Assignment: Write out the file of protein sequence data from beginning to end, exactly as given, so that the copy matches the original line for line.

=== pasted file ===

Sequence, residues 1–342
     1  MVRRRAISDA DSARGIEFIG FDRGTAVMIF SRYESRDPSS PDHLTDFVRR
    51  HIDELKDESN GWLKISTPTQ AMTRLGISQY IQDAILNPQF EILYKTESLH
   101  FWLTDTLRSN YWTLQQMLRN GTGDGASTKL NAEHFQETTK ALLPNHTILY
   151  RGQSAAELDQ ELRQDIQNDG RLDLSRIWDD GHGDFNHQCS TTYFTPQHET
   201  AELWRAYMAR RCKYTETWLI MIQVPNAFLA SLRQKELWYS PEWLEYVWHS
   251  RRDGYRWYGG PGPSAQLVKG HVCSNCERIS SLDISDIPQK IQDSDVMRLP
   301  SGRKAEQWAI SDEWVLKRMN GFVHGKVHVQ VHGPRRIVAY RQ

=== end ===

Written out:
Sequence, residues 1–342
     1  MVRRRAISDA DSARGIEFIG FDRGTAVMIF SRYESRDPSS PDHLTDFVRR
    51  HIDELKDESN GWLKISTPTQ AMTRLGISQY IQDAILNPQF EILYKTESLH
   101  FWLTDTLRSN YWTLQQMLRN GTGDGASTKL NAEHFQETTK ALLPNHTILY
   151  RGQSAAELDQ ELRQDIQNDG RLDLSRIWDD GHGDFNHQCS TTYFTPQHET
   201  AELWRAYMAR RCKYTETWLI MIQVPNAFLA SLRQKELWYS PEWLEYVWHS
   251  RRDGYRWYGG PGPSAQLVKG HVCSNCERIS SLDISDIPQK IQDSDVMRLP
   301  SGRKAEQWAI SDEWVLKRMN GFVHGKVHVQ VHGPRRIVAY RQ